reading aloud

I read aloud to my daughter every night before bed. We started with board books (Good Night Moon--natch--plus A Snowy Day and several alphabet books). Then we read Beatrix Potter and A.A. Milne. We read picture books as she got older, ones with increasingly involved storylines and expansive vocabularies. When we graduated to reading aloud chapter books, we covered the classics first: Mary Poppins, Secret Garden, Understood Betsy. Then I chose the books I had loved as a child like books by Roald Dahl and Frank L. Baum and books I had discovered as a fifth-grade teacher like books by Polly Horvath. Now she often reads her own books, but we still read aloud to her every night.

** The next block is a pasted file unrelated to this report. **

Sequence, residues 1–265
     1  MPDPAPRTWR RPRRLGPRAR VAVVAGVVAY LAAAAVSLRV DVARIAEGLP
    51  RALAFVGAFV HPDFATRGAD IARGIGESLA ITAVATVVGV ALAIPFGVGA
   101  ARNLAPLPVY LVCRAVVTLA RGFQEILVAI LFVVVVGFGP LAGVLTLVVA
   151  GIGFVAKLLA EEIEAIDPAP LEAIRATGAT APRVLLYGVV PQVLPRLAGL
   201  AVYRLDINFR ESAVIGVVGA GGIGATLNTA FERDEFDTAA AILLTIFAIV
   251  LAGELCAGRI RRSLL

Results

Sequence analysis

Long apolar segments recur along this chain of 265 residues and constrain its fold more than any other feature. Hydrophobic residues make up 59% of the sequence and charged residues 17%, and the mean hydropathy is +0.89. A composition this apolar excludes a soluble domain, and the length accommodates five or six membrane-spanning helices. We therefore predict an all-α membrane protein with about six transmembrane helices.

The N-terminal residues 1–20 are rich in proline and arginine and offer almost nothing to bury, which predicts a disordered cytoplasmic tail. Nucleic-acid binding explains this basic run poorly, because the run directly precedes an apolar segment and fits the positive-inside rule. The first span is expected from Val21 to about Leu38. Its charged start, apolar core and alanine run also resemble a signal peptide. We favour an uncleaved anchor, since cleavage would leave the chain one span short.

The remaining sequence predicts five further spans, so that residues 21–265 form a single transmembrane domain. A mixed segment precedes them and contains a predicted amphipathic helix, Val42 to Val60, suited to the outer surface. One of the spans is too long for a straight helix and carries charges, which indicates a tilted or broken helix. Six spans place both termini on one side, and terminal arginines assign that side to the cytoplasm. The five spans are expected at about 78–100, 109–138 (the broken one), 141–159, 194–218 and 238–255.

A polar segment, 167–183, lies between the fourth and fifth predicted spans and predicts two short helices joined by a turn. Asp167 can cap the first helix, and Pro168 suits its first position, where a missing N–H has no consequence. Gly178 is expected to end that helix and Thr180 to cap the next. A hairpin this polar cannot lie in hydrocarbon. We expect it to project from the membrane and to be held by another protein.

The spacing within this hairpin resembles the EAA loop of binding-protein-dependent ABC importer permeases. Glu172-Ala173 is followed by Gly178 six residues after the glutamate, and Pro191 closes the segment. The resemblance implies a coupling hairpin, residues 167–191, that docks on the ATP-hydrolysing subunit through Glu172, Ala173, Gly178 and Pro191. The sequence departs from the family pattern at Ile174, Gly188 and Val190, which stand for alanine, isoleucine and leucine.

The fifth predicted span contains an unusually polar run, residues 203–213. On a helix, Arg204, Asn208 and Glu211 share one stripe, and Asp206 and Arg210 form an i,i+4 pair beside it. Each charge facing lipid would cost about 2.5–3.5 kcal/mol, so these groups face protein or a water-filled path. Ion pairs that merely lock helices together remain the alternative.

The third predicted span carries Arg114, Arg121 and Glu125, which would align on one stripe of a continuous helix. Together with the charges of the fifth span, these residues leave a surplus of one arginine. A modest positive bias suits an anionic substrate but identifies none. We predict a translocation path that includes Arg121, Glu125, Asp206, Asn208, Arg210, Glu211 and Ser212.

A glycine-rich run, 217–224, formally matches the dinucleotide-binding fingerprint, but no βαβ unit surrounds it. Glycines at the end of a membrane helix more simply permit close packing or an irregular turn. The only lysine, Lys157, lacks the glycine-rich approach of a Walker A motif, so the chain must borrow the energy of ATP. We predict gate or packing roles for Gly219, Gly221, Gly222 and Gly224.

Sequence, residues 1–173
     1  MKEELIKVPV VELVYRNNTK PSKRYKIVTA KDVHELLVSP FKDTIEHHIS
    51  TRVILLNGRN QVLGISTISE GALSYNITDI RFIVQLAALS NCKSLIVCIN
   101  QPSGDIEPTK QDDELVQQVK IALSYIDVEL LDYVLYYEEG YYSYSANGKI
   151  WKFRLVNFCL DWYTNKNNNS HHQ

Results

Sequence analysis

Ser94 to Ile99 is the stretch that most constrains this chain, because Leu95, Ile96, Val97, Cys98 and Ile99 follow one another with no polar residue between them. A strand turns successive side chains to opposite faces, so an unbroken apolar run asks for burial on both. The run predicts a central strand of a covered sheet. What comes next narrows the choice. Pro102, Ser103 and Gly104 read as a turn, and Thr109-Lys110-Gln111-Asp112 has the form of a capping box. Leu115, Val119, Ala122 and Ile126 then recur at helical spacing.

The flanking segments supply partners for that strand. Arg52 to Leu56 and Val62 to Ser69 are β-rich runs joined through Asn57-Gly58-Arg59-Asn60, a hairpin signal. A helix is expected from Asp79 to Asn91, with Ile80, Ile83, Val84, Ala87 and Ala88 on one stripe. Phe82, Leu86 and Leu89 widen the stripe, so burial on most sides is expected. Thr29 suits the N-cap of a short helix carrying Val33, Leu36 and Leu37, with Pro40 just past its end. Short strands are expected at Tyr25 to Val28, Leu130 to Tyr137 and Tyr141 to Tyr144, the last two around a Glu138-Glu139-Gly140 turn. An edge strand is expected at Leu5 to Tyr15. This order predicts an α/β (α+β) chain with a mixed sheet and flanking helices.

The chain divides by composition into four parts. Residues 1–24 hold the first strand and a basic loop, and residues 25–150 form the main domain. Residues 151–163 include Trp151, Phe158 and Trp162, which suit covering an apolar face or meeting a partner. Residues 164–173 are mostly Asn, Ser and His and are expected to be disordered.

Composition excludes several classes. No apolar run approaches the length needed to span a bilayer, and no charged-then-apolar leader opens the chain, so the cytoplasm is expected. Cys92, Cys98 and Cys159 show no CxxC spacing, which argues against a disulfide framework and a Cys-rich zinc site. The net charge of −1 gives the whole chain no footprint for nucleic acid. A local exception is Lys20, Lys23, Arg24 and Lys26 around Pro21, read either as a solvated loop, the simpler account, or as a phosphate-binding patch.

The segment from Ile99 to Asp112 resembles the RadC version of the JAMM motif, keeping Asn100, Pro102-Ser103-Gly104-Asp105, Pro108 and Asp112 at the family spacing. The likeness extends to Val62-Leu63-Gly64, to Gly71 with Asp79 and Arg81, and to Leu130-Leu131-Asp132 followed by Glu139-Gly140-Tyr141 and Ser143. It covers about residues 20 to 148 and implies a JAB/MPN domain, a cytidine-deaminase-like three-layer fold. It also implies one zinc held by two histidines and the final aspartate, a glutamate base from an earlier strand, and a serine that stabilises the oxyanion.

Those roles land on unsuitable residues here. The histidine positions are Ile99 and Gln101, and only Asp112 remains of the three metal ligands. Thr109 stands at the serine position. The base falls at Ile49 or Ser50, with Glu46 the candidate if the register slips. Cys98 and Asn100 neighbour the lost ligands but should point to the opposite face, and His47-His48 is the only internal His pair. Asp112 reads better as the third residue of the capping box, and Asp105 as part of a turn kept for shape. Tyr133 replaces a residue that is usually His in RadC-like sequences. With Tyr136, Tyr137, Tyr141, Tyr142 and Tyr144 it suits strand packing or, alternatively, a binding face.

And that reading aloud has been wonderful practice for reading my own work to an audience. I recently read a short story at a coffee shop, one of those that serves no alcohol, has mismatched chairs, and smells faintly of patchouli. The microphone was the biggest anomaly from my nightly routine of reading aloud, but I still was able to apply everything I know about keeping someone's interest: read slowly when it's complicated, read quickly when it's exciting, vary your voice for the dialogue but don't actually "do voices," and look around every once in a while to make sure your listener(s) hasn't fallen asleep.

Even though, when reading to a child, that's the whole idea.